Shorter Trading Hours Could Boost Diversity And Wellbeing
Respondents to the London Stock Exchange’s consultation on shortening the trading day said it was unlikely to lead to an increase in volume but could lead to improvements in diversity and wellbeing.
The London Stock Exchange said in a report today that it received more than 140 responses to its consultation, ranging from individual investors to global investment banks and industry associations.
— London Stock Exchange (@LSEplc) June 1, 2020
The report said that majority of participants did not view longer trading hours as a benefit to liquidity. They also said that although shorter hours would improve the velocity of trading and liquidity available on the order book, very few thought this would result in an increase in trading volumes.
“A significant majority of respondents were sympathetic to the arguments that a reduction of market hours could lead to improvements in diversity and wellbeing,” said the report.
The Association for Financial Markets in Europe and the Investment Association both said in their response that a shorter day would improve diversity.
“In a recent survey, nearly 50% of respondents identified shorter trading hours from nine other possible factors as a means to improve gender diversity, and second only to flexible working policies (at nearly 60%),” said their response.
They also highlighted that excessively long hours contributes to trading remaining one of the areas of financial services where staff face significant mental health issues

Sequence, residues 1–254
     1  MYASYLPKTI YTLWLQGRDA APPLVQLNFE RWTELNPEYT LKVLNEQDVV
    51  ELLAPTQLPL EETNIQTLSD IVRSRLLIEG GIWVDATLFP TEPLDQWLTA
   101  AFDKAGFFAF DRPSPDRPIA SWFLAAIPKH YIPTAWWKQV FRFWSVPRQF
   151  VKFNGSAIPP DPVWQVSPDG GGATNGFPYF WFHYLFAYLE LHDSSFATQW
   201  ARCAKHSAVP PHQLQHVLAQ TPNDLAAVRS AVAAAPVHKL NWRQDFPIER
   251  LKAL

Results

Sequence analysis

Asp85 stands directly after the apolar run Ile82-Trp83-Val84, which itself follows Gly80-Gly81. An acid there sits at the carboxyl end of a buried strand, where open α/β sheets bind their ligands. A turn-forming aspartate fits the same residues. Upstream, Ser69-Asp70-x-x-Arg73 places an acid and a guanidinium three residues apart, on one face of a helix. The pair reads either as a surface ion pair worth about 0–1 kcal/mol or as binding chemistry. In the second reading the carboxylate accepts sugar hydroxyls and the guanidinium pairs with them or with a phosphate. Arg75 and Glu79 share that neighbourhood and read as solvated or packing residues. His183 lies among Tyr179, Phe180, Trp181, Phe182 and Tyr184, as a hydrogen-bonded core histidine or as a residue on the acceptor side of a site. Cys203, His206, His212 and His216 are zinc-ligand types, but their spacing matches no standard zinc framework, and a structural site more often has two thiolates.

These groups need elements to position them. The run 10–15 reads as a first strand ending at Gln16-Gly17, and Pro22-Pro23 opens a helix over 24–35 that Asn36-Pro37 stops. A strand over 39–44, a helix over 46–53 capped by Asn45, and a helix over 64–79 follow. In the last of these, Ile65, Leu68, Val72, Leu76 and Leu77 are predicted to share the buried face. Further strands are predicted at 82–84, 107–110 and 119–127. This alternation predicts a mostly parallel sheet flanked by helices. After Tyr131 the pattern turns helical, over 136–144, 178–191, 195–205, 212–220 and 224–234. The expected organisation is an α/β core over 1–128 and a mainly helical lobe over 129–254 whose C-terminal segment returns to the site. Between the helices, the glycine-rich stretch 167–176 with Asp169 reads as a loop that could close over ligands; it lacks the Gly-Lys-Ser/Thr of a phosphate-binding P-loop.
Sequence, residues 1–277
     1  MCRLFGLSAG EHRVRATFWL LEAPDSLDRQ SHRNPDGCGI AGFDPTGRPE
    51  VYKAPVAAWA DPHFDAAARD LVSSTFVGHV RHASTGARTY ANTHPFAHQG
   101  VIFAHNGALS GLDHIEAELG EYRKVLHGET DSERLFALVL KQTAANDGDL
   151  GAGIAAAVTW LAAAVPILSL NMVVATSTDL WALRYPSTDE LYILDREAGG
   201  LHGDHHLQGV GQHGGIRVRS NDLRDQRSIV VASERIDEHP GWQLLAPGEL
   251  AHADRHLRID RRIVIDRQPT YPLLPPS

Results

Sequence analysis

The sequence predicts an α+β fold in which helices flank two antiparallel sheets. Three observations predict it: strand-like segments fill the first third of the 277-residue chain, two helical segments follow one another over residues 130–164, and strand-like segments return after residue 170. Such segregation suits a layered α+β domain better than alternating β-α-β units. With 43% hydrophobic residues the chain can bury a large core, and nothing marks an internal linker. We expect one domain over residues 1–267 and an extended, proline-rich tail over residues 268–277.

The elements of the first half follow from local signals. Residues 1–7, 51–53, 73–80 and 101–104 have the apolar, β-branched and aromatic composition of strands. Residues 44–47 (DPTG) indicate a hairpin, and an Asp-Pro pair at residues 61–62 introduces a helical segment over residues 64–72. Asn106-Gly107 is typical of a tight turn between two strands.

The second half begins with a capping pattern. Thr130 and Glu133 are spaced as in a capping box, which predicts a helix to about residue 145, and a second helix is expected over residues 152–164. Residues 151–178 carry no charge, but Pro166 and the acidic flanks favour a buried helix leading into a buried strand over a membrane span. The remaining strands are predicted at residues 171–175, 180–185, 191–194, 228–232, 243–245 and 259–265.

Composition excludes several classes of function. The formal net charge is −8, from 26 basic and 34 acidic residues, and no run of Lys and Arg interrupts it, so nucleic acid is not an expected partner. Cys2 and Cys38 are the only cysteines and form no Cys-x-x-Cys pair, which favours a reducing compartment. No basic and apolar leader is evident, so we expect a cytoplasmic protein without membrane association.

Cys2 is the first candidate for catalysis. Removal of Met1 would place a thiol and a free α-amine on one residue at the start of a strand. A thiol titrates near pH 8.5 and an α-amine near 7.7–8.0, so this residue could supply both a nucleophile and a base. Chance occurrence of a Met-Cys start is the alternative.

— AFME (@AFME_EU) June 1, 2020
The London Stock Exchange found that the majority who supported shorter hours said there would ideally need to be harmonisation across European exchanges and other trading venues.
“Without this harmonisation, the goals of improved diversity and wellbeing would be harder to achieve, given the pan-European nature of many trading roles in the financial industry,” said the report.
Other European exchanges and trading venues are currently consulting on market hours.
“We await their public findings as these will be an important factor in considering any potential changes to our trading hours, given the indicated preference for harmonisation,” added the LSE.
The exchange also said it would welcome any further quantitative modelling, academic or case study material on the issue of shower hours.
“London Stock Exchange will continue to engage actively with stakeholders and industry bodies on this topic, including discussions in relation to medium-term changes in working arrangements (such as increased working from home) that might result from the COVID-19 experience,” added the report.
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